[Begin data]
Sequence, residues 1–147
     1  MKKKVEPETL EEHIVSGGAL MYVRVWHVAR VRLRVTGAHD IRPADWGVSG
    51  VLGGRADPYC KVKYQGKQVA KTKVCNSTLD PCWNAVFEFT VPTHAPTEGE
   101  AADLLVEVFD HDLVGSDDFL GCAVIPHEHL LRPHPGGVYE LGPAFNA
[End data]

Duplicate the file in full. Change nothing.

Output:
Sequence, residues 1–147
     1  MKKKVEPETL EEHIVSGGAL MYVRVWHVAR VRLRVTGAHD IRPADWGVSG
    51  VLGGRADPYC KVKYQGKQVA KTKVCNSTLD PCWNAVFEFT VPTHAPTEGE
   101  AADLLVEVFD HDLVGSDDFL GCAVIPHEHL LRPHPGGVYE LGPAFNA